The Year Everything Changed: 2001 by Phillipa McGuinness
Phillipa McGuinness is no stranger to books; she is, after all, a publisher. This, however, is her debut as an author and hopefully it will not be her last. The Year Everything Changed: 2001 is a record of an enormously horrendous year. McGuinness is correct: 2001 was the year that so many things changed politically and economically, globally and in our own country.
I was living out of Australia that year, and I was astounded as I read my way through chapters on the months in which so much transpired that transformed the way we live in Australia right now. Not only did OneTel fall apart, but also the iPod came into our lives (the beginning of the end of how we listen to music), John Howard seemed his most ferocious on the issue of refugees, and of course then there was September. A whole chapter is dedicated to the heartbreak of 9/11 and truly it seems extraordinary that it was only 15 years ago when we all stopped, wherever we were, in our shared horror at what was happening at the Twin Towers.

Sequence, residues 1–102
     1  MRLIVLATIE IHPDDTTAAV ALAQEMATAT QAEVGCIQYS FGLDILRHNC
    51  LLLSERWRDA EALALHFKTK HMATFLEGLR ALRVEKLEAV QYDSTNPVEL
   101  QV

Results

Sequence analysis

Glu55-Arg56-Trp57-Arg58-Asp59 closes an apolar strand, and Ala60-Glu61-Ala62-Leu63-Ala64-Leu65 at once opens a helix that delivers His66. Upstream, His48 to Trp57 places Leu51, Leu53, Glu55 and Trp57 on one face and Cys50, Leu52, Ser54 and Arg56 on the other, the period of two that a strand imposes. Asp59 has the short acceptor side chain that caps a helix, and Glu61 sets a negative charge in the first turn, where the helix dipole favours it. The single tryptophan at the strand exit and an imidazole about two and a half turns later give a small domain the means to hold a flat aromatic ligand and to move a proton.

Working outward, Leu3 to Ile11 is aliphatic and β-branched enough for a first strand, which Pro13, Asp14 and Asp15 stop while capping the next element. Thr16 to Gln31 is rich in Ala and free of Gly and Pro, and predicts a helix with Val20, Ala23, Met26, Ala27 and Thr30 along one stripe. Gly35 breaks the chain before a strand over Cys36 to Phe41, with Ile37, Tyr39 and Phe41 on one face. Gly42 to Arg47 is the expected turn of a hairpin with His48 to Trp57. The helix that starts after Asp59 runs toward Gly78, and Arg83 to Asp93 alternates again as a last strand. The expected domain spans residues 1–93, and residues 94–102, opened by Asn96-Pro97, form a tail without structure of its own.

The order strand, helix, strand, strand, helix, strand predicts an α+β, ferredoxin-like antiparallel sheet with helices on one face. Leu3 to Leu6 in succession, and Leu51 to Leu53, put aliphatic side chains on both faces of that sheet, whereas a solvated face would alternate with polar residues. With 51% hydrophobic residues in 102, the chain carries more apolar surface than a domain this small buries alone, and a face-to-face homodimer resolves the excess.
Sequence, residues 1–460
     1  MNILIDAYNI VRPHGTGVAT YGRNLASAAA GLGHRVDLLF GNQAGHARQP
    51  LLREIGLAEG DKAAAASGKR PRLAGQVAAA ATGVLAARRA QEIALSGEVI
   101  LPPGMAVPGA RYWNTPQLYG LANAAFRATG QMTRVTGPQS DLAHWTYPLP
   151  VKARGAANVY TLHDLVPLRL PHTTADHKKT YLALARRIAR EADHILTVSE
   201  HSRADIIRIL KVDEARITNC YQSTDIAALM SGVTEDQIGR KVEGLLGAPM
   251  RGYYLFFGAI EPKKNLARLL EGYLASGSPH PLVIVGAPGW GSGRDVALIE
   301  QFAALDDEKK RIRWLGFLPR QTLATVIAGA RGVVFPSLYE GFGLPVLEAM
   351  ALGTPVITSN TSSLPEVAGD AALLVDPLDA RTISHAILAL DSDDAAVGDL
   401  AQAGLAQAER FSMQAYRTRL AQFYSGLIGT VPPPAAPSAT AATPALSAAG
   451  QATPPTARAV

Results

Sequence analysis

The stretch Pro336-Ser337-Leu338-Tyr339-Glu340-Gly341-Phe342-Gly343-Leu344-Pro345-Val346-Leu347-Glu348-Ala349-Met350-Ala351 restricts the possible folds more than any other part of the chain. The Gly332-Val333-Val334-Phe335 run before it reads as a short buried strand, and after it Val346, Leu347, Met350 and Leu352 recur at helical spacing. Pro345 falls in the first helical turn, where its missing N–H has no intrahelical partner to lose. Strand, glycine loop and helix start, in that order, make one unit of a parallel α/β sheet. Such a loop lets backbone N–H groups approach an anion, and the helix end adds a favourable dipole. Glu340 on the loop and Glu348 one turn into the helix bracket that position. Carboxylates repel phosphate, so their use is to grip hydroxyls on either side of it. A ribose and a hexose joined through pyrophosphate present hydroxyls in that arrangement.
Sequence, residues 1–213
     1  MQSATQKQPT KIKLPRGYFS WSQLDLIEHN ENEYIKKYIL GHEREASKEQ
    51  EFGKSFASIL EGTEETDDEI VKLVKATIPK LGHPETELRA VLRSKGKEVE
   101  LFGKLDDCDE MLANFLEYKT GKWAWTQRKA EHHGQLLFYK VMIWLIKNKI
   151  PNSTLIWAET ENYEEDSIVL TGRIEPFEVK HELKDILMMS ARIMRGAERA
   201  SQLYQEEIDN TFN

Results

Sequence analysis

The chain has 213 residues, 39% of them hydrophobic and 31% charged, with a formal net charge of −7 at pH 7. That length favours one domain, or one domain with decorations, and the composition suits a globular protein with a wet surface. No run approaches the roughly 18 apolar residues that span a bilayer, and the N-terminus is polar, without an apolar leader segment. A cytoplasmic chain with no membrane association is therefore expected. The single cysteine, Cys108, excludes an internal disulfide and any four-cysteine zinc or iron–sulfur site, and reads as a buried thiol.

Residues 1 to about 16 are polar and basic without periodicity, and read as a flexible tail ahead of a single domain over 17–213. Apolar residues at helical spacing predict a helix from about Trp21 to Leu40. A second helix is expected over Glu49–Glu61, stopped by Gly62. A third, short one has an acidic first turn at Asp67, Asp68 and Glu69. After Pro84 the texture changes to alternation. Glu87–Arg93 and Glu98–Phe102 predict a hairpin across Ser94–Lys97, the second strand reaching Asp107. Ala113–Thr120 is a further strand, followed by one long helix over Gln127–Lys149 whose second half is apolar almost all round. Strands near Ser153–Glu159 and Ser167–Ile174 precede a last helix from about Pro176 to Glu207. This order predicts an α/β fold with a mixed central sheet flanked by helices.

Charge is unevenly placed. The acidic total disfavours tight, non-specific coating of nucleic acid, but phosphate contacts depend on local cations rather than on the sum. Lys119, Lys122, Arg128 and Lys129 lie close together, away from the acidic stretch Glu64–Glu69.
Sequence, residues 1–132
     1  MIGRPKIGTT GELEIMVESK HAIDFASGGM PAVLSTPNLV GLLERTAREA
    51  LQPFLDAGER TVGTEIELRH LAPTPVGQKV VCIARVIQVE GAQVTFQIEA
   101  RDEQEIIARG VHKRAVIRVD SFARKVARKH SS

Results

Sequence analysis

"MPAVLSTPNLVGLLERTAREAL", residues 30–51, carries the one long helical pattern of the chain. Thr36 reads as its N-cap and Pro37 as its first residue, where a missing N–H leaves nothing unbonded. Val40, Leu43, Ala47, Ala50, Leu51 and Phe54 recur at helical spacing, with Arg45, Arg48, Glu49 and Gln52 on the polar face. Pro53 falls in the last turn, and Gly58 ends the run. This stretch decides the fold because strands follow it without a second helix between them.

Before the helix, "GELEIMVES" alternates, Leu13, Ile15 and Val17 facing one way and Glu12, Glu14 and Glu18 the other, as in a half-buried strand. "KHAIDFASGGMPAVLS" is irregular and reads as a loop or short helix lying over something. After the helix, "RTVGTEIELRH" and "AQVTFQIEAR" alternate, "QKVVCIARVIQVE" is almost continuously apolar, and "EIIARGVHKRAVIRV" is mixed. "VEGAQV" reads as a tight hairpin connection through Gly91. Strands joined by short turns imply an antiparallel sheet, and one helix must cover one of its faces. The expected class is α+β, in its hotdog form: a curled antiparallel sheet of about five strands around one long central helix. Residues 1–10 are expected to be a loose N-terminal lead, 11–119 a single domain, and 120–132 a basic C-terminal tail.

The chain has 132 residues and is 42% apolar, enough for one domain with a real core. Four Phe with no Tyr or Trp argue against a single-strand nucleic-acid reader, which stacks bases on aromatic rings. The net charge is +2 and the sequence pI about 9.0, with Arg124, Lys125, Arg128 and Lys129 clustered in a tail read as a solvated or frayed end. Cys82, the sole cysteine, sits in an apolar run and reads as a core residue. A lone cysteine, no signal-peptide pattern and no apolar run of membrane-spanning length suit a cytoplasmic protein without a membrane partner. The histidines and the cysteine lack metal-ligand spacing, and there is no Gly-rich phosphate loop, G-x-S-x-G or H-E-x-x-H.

McGuinness has considerable skill in making the political and historical personal. She begins the book with her own story of heartbreak, and her voice is present throughout. Like all good anthropologists, she is not afraid to lay down her mark.McGuinness, here in this record of the year, also does not shy away from the emotional complexity of our humanity. Rather, she opens it up for us to gaze in wonder at a year that was not so long ago and affected so much of our way of living.